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Greenwood Genetic Center Involved in First FDA-Approved Drug for Rett Syndrome

Greenwood Genetic Center

The Greenwood Genetic Center (GGC) participated in recent clinical trials for the first ever FDA-approved medication specifically for patients with Rett syndrome.

Acadia Pharmaceutical’s DAYBUE™ (trofinetide) was approved by the FDA in March for the treatment of Rett syndrome in adult and pediatric patients two years and older. It is the first and only drug approved for the treatment of Rett syndrome, a rare genetic neurodevelopmental disorder that affects 6,000-9,000 patients in the US.

GGC enrolled seven patients with Rett syndrome in the recent Phase 3 clinical trial which demonstrated statistically significant improvement in patients who took trofinetide compared to those on a placebo. GGC also participated in earlier phases of study on this drug.

“Rett syndrome causes significant and lifelong challenges including developmental regression with the loss of communications skills and purposeful hand use, as well as behavioral and physical symptoms that impact breathing, sleep, growth, and mobility,” said Steve Skinner, MD, Director of GGC and study investigator. “After decades of clinical research and drug development, we now have something to offer these patients and families that has the potential to improve many of the symptoms of Rett syndrome.”

GGC, a Rett Syndrome Center of Excellence, has been active in the study and care of patients with Rett syndrome for over two decades, including the National Institutes of Health-sponsored natural history study and several clinical trial projects. The Center also holds a Rett syndrome clinic at Shriners Hospital for Children in Greenville.

“The approval of DAYBUE represents a long-awaited development for the treatment of Rett syndrome,” said Fran Annese, LMSW, Clinical Trials Coordinator at GGC. “We are excited and hopeful for the benefits this will have for our families and are grateful for those who joined the clinical trial and helped bring this drug to market.”

DAYBUE is expected to be available in the US by the end of April, 2023.

About Greenwood Genetic Center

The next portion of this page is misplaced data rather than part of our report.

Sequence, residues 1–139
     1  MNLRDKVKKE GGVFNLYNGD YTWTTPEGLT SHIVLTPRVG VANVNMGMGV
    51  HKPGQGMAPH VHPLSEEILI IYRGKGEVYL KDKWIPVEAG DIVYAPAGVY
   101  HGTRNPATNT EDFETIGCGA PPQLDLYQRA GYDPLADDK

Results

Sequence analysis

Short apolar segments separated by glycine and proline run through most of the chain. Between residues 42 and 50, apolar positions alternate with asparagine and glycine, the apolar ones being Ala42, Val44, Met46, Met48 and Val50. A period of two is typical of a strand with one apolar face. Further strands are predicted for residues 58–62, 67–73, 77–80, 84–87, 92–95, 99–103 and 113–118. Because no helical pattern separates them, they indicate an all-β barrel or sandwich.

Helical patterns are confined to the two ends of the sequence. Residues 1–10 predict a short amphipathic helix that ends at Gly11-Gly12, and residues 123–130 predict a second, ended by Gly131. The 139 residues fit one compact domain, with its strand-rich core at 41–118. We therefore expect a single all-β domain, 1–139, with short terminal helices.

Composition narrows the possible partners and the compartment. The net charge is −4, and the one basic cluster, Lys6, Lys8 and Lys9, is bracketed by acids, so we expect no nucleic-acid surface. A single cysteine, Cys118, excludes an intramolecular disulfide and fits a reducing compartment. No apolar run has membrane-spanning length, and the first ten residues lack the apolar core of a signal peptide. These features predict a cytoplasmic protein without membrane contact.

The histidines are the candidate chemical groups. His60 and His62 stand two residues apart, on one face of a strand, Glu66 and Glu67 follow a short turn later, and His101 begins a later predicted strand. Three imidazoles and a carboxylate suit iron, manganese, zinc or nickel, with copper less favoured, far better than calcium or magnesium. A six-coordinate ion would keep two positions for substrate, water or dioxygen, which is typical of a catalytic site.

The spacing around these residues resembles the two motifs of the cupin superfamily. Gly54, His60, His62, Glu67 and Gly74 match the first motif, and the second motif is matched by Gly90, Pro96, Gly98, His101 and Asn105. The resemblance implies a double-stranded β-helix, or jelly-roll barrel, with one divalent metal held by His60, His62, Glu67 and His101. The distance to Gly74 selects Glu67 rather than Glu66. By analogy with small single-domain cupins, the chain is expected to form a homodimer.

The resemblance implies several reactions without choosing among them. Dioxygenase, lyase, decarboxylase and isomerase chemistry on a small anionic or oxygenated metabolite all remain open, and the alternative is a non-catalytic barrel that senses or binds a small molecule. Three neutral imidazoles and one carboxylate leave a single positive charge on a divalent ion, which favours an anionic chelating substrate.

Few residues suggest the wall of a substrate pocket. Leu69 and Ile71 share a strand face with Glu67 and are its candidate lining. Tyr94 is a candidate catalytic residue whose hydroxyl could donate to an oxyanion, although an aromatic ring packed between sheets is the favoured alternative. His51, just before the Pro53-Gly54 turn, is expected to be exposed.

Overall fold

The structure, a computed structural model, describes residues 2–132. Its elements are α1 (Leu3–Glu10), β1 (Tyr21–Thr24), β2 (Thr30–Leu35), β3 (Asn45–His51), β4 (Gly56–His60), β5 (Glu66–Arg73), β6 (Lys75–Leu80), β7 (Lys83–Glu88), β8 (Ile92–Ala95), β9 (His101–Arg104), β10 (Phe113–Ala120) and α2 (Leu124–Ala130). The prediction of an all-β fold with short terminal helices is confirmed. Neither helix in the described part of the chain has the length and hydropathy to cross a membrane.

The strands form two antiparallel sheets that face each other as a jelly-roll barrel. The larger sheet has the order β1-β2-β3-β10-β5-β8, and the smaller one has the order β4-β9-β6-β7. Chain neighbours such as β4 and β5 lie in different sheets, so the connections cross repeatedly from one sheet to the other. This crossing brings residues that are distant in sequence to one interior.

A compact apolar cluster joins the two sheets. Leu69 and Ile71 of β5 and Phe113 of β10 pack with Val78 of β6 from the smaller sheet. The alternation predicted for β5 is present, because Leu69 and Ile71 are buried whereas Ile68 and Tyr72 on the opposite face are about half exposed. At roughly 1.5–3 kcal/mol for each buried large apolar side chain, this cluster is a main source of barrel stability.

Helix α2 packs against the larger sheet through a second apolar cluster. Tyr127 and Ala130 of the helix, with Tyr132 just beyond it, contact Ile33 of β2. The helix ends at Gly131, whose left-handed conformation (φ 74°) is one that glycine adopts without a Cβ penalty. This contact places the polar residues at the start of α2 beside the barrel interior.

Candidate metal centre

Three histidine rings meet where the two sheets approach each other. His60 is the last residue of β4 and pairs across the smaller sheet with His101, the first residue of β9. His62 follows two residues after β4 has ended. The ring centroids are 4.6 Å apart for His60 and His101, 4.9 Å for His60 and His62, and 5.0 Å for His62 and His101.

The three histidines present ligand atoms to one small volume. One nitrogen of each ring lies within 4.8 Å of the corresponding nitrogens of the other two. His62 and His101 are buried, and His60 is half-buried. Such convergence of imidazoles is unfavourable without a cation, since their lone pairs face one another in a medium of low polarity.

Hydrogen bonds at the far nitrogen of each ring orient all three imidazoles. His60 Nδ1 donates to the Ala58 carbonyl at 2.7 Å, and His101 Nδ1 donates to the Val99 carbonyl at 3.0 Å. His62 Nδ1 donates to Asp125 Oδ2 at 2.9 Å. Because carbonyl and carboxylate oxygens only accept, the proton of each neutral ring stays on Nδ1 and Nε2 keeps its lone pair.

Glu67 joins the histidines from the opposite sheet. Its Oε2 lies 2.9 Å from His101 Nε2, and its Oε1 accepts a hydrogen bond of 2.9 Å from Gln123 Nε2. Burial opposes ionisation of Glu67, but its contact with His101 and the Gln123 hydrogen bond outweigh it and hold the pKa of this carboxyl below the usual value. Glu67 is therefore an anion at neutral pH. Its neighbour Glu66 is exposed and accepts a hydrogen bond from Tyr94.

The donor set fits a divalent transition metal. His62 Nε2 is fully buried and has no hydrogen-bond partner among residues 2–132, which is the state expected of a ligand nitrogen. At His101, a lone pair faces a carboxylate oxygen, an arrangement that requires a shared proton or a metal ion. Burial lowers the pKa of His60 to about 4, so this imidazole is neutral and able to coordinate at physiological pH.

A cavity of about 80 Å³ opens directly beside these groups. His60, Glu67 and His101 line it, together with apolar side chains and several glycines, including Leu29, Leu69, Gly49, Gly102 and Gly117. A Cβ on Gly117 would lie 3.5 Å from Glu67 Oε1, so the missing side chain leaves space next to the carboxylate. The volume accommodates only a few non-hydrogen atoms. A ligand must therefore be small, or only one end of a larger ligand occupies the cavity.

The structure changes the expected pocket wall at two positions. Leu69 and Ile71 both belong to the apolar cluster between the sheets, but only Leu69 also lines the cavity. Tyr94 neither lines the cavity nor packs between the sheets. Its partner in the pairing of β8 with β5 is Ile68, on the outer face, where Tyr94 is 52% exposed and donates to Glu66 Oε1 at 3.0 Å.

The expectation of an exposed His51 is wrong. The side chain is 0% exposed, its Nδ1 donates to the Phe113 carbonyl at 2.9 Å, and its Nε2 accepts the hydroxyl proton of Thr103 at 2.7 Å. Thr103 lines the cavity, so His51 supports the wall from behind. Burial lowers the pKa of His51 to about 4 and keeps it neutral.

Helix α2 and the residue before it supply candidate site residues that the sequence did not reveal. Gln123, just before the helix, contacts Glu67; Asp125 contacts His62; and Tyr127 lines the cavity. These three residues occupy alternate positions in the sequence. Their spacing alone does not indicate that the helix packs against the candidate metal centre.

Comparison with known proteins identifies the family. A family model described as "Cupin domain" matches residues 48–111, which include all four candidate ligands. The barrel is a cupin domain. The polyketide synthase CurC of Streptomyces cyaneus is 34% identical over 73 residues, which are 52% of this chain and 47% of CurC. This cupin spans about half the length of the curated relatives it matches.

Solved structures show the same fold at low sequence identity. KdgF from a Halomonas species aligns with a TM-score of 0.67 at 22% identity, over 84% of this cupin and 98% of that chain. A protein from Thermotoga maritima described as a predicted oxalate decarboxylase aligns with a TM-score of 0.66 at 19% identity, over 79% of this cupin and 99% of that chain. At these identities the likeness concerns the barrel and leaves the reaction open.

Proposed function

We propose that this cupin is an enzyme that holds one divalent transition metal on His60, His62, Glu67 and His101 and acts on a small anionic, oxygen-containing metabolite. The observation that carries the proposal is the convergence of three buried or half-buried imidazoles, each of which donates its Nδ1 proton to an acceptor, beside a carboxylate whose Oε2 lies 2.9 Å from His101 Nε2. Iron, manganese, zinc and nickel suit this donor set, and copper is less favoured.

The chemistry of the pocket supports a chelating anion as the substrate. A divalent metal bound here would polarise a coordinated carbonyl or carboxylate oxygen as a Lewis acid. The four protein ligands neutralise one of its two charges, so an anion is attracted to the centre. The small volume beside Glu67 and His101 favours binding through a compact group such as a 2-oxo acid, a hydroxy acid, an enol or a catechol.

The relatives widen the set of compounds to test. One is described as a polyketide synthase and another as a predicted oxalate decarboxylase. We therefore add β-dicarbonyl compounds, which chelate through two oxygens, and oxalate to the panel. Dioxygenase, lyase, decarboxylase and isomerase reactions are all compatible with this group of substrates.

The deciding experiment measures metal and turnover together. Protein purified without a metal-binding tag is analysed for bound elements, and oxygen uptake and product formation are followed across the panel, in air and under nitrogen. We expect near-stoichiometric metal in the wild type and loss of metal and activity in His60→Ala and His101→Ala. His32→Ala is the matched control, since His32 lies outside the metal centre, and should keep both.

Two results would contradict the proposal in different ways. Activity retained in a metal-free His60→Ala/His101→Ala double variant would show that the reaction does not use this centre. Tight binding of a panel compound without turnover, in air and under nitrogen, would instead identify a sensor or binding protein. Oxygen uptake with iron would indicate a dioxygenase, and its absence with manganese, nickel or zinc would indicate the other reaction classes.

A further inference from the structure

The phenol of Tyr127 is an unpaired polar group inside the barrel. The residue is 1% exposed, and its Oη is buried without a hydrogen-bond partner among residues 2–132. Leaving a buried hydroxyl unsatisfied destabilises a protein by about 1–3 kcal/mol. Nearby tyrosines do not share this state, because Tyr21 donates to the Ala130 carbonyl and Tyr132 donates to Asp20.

The Greenwood Genetic Center (GGC), founded in 1974, is a nonprofit organization advancing the field of medical genetics and caring for families impacted by genetic disease and birth defects.  At its home campus in Greenwood, South Carolina, a talented team of physicians and scientists provides clinical genetic services, diagnostic laboratory testing, educational programs and resources, and research in the field of medical genetics.  GGC’s faculty and staff are committed to the goal of developing preventive and curative therapies for the individuals and families they serve.  GGC extends its reach as a resource to all residents of South Carolina with satellite offices in Charleston, Columbia, Florence and Greenville. For more information about GGC please visit

About Rett Syndrome

Rett syndrome is a rare, complex, neurodevelopmental disorder that affects approximately 6,000 to 9,000 patients in the US. A child with Rett syndrome exhibits an early period of apparently normal development until six to 18 months, when their skills seem to slow down or stagnate. This is typically followed by a duration of regression when the child loses acquired communication skills and purposeful hand use. Rett syndrome is typically caused by a genetic mutation on the MECP2 gene. Symptoms of Rett syndrome may also include development of hand stereotypies, such as hand wringing and clapping, and gait abnormalities.

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Tamia Sumpter

Tamia is a driven senior undergraduate Bioengineering student currently enrolled at Clemson University. With a strong foundation in her field, she has honed her skills through hands-on experience in research and development at Eli Lilly & Company. During her time in the ADME department, Tamia contributed significantly by working on siRNAs and their applications in finding In Vitro-In Vivo Correlation (IVIVC). Looking ahead, Tamia has set her sights on a promising career in law. She aspires to specialize in Intellectual Property Law, with a particular focus on serving as in-house counsel for leading medical device or pharmaceutical companies. Her enthusiasm for this role is palpable as she prepares to embark on her legal journey! She is also a proud member of the Omicron Phi chapter of Delta Sigma Theta Sorority, Inc., PEER Mentor for Clemson PEER/WiSE, and currently serves as the President of Clemson Bioengineering Organization (CBO). With her unique blend of scientific knowledge and legal interests, Tamia is poised to make a meaningful impact in the healthcare and life sciences industries.